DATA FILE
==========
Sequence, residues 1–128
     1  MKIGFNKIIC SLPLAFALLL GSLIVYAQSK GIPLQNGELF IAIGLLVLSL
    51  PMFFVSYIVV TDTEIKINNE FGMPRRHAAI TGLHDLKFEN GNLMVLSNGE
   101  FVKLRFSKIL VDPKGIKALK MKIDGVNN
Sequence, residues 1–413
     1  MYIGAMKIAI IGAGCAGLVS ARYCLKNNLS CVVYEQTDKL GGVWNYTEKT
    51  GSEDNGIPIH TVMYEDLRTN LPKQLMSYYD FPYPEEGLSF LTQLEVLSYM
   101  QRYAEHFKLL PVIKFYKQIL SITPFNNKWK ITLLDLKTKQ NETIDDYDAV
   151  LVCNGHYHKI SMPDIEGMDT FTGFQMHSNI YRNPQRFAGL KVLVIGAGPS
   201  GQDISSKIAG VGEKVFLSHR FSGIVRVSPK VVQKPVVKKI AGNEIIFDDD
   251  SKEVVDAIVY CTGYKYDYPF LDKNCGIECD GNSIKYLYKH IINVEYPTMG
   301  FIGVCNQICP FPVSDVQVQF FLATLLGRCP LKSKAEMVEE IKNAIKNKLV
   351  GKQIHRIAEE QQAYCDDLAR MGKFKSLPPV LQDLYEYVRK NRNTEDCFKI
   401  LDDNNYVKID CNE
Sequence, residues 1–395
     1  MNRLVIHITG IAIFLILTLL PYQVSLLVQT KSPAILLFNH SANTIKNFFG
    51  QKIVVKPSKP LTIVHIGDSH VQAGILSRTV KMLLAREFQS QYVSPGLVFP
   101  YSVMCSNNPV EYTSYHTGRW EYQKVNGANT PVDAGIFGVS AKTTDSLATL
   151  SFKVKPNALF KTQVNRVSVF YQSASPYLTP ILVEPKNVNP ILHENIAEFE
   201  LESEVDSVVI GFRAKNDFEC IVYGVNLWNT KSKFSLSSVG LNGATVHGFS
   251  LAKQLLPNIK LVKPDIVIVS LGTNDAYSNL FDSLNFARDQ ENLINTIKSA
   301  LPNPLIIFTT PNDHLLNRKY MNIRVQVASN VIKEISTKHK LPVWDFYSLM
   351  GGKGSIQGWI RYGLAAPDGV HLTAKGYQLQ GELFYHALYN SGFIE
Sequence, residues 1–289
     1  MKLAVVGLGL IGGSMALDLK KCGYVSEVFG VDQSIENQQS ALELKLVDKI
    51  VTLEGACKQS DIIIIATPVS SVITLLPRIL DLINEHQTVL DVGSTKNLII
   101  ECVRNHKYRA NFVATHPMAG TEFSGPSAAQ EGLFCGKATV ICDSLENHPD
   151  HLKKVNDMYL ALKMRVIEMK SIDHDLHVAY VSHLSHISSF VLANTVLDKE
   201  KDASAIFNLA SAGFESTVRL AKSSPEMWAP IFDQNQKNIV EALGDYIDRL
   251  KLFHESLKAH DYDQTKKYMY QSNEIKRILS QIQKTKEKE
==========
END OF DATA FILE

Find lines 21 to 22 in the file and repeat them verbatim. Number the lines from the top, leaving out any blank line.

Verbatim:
   251  LAKQLLPNIK LVKPDIVIVS LGTNDAYSNL FDSLNFARDQ ENLINTIKSA
   301  LPNPLIIFTT PNDHLLNRKY MNIRVQVASN VIKEISTKHK LPVWDFYSLM